Merchant Adventurers’ Hall

The Merchant Adventurers’ Hall in York was built between 1357 and 1361 by the Mercers of York and is one of the earliest medieval guildhalls in the country. In around 1600 the anterooms were built as additions to the building and the hall was used as a jail during the English Civil War.

The building was restored in 1894, where sections of the south-west wall were repaired by subscription, with some general repairs to the structure also being made.The windows were also renewed, with the work being carried out by Demaine and Brierley, at a cost not exceeding 150 pounds. Financing was also made available for work to underpin columns in the basement, and cleaning and rebuilding some gables and repairing some ceilings. In 1947, further remodelling work was done, with 12,000 pounds being spent on repairs. Most of this was spent on rebuilding property which fronted Fossgate. Some work was also undertaken on the chapel and the company agreed that money would be put aside in future to help fund building works.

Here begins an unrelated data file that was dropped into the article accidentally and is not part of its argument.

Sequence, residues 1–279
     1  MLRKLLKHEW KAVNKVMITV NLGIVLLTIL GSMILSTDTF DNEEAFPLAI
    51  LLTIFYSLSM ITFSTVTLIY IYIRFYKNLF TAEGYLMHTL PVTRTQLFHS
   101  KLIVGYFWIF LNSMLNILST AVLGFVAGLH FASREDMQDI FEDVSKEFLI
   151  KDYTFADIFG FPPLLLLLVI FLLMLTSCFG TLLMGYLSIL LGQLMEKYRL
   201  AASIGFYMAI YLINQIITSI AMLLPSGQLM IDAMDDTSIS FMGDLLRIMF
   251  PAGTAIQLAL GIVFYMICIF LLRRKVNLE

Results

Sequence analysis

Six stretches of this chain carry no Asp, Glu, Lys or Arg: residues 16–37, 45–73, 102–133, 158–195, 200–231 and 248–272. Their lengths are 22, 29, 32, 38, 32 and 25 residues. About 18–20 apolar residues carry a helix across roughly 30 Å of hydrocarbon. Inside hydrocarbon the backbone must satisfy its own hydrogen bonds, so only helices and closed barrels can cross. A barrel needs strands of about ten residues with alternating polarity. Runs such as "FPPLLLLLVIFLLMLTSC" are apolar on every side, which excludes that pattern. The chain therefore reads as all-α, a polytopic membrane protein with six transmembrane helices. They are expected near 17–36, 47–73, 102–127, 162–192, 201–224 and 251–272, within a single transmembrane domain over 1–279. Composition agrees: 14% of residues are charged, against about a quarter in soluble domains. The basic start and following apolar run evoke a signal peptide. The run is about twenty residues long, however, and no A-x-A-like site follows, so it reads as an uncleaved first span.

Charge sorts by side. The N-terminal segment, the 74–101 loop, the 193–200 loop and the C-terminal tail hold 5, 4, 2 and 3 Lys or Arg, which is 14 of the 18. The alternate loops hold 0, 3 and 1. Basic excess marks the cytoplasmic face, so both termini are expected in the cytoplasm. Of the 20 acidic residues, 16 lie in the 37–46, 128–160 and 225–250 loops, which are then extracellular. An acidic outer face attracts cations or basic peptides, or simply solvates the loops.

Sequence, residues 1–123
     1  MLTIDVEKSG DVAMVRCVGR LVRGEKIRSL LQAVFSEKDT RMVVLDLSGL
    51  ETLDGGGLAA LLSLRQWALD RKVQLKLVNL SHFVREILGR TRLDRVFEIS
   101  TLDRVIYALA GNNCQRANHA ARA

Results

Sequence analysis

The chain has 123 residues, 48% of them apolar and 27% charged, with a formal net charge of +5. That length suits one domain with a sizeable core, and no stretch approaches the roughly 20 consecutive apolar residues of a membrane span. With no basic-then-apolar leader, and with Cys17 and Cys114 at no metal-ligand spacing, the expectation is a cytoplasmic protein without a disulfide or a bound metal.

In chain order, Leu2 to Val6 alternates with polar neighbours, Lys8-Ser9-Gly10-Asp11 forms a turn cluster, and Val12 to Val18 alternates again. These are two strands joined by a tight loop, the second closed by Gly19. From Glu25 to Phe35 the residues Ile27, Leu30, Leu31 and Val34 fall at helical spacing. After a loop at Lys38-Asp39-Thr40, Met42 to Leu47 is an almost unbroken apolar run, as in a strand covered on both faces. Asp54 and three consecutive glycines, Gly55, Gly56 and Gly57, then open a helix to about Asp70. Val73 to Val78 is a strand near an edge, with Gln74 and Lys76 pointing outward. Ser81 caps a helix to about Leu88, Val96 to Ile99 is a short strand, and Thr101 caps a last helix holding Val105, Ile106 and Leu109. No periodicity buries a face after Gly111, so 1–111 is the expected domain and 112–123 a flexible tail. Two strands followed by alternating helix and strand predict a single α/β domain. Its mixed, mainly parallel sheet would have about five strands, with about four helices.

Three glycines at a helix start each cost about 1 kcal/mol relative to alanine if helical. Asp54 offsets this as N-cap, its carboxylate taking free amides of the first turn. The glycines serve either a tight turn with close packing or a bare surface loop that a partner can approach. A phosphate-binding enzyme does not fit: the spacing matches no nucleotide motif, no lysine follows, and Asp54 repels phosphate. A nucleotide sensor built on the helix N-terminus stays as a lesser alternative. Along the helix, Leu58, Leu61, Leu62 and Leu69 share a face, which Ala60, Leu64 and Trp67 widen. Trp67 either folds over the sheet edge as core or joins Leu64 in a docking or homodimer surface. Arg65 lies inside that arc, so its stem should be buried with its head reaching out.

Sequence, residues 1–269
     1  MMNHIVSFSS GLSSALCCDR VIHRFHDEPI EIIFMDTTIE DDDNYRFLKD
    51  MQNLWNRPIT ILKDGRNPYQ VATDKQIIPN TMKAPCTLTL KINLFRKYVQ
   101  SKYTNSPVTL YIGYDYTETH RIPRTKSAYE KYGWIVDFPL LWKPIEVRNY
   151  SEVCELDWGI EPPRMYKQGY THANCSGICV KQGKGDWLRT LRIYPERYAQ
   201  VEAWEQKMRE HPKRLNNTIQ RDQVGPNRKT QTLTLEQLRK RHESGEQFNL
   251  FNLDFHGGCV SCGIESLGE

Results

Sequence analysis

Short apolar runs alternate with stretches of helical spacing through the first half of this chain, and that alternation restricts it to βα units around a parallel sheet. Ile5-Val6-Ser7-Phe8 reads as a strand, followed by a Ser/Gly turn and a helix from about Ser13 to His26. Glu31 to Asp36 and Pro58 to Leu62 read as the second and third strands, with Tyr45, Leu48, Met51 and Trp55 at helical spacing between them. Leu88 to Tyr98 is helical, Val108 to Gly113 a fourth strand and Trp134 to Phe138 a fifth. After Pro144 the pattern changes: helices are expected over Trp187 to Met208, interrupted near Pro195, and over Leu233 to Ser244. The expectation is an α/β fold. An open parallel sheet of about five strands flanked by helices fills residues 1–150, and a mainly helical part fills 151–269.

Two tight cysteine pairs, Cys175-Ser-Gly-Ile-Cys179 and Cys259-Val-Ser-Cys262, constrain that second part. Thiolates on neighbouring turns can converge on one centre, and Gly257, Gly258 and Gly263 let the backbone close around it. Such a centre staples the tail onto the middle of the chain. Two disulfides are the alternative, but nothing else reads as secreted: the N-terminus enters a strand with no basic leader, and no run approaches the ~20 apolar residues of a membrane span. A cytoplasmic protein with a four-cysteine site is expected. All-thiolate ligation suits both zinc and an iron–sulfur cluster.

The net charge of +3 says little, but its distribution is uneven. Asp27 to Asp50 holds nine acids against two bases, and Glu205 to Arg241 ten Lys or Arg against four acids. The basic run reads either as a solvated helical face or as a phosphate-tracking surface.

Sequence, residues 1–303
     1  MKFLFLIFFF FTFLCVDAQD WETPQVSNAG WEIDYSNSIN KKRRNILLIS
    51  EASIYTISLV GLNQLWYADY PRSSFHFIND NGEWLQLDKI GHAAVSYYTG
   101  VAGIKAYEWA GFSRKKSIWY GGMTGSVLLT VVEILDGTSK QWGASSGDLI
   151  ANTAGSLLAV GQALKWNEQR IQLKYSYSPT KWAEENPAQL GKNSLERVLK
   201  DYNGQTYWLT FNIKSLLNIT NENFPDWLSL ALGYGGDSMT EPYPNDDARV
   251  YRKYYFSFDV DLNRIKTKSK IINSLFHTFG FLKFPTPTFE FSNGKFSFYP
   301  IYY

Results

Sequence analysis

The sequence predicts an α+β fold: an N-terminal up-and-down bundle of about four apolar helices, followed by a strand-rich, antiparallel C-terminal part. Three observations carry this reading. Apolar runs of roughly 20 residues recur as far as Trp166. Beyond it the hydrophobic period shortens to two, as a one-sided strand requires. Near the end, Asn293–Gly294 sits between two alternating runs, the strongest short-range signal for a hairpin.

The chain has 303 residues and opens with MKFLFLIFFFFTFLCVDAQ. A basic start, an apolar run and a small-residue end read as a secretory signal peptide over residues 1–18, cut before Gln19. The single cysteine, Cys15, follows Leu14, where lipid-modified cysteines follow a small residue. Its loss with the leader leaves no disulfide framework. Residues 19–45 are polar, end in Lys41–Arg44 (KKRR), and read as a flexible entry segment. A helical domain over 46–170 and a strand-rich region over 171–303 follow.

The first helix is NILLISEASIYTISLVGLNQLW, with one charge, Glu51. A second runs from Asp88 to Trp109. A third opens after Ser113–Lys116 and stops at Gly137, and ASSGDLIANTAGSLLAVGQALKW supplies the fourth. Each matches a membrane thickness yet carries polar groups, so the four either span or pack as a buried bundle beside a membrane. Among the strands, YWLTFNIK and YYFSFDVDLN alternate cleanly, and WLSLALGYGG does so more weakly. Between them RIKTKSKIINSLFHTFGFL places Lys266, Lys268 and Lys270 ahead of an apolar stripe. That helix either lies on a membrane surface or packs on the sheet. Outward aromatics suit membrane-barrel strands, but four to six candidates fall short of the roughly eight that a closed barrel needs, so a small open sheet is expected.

The building has been used for three main purposes, business in the great hall, charity in the undercroft and religion in the chapel. All three different section of the hall still exist and can be visited by the public, and can be found just off Fossgate. The building is the largest timber framed building in the country which is still used for its original purpose.